The judgment began by stating that there was no clear jurisdiction for making any decisions about RK’s care going forward, either in the court of protection or under its inherent jurisdiction for adults who were merely vulnerable.

RK likely had the capacity to decide on her care provider. Given that she was so fed up with the proceedings, the judge said that changing provider at a care planning level would carry the risk that she was likely to reject the new provider and perceive her parents were behind this change.

The judgment concluded that the legal proceedings should end.

It acknowledged the negative impact of the litigation on RK’s relationships and emphasised the importance of family reconciliation. The judge suggested that initial contact between RK and her family should be via video calls and mentioned the potential involvement of a sibling’s new baby in the process.

Consultant psychiatrist Dr Claudia Camden-Smith assessed RK’s capacity and noted her inability to understand the pros and cons of contact with others.

Consultant clinical psychologist Dr Katherine McKay, however, concluded that RK retained the presumption of capacity in this regard. She understood the issues, could use and weigh relevant information, retain information and communicate her views. Her vacillation in recent times over seeing her relatives did not necessarily indicate inappropriate pressure or a lack of capacity in the expert’s view.

The judge agreed with McKay.

RK’s social worker observed that a meeting with the parents had been very distressing for all concerned and it was regrettable that RK’s parents approached the meeting by seeking to interrogate her and defend themselves.

Being interviewed repeatedly on the same issues left her feeling that her views, experiences and, importantly, her own decisions had been disregarded

At the end of the meeting, the RK’s mother gently hugged her and said, “I suppose we won’t be seeing you again,” and her father placed his arm around her back and said, “Have a nice life” – comments they regretted by the time of the hearing.

To his credit, RK’s social worker made this observation: “This independent spirit… has been continuously undermined and undervalued time and time again.

“R has been assessed, questioned and interviewed repeatedly over the same issues which have left her feeling that her words and feelings count for little – that her views have been ignored or diminished, her experiences, her feelings and, more importantly, her own decisions disregarded.”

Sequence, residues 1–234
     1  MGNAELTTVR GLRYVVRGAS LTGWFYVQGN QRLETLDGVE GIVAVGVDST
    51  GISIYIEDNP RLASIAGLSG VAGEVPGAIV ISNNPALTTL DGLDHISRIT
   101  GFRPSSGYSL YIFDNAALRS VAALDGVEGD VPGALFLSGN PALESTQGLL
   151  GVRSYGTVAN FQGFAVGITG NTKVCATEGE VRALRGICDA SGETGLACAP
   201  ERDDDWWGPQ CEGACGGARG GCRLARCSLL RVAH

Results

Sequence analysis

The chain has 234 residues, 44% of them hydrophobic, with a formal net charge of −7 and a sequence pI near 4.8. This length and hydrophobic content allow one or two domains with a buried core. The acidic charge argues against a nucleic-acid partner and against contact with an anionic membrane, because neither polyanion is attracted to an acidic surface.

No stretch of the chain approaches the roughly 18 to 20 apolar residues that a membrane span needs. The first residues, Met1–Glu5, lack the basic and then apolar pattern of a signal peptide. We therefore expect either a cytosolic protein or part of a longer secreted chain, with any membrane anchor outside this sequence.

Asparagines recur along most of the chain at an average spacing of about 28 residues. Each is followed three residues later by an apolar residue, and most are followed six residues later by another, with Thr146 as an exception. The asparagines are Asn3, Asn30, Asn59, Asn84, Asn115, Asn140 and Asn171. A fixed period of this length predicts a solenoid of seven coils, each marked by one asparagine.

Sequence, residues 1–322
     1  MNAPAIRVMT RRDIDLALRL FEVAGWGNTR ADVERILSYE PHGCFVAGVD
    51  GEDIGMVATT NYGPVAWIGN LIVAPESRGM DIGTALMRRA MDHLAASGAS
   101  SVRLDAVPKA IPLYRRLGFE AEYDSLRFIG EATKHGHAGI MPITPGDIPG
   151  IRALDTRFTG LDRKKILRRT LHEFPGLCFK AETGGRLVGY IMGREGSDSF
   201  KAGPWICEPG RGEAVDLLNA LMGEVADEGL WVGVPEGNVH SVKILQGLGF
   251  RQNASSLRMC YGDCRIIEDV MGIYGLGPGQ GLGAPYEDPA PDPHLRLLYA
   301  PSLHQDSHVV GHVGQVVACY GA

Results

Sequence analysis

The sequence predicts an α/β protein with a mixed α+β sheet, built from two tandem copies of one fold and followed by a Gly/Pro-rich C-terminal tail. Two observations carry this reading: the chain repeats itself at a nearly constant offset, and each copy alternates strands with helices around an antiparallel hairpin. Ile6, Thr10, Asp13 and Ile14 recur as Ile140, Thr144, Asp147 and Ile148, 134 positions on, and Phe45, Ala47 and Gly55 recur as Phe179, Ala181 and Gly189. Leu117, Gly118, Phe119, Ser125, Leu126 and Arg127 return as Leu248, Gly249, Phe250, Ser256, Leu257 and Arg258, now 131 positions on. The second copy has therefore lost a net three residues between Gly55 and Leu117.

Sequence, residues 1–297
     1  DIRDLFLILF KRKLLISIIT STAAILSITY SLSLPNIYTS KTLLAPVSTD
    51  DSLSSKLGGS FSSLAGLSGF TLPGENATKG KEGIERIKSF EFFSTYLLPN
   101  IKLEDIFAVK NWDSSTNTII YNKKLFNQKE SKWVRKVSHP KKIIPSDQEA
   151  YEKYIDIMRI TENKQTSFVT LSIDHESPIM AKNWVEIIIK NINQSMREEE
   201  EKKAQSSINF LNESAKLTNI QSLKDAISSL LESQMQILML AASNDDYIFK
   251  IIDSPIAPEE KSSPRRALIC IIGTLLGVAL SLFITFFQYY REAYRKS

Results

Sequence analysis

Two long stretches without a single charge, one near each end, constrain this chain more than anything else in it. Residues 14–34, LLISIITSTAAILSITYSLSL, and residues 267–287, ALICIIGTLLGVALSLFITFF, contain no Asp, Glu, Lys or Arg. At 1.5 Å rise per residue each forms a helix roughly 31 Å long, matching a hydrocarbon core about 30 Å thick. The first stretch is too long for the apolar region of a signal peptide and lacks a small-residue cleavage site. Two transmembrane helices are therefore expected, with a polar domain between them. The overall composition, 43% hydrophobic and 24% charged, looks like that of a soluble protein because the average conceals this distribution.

Case: RK, Re (Capacity; Contact; Inherent Jurisdiction) [2023] EWCOP 37

Comment: a lesson for parents in when not to go to court

Young people who need adult social care cannot afford to pay professionals to get to the bottom of intense yet nuanced incidents in the day-to-day relationships between themselves, their relatives, their provider, the provider’s staff as well as statutory care planners and safeguarding staff. They need to bring judicial review proceedings, very often, but one is means tested for legal aid for that form of remedy. The official solicitor’s resources are focused instead on litigation in the court of protection where legal aid flows more freely.

The court of protection route has become an industry in itself, and formalises the perpetuation of often torrid relationships.

One wonders at what point in the case discussed here the parties stopped talking to each other and forgot about the Care Act. It is not even mentioned in the judgment other than as the context for the involvement of a Care Act advocate and the council as care commissioner.

These cases arise because of an almost complete ignorance of the principles underlying the Mental Capacity Act on the part of both professionals and parents.

For instance, NHS staff often assume next of kin have rights regarding welfare matters. Parents often seek advice from us at CASCAIDr without even looking at the Mental Capacity Act code of practice.

This must stop. This case provides a lesson to parents as to when not to use the courts, particularly the court of protection. This applies even when they are well intentioned, concerned and acting in good faith, as the parents here were.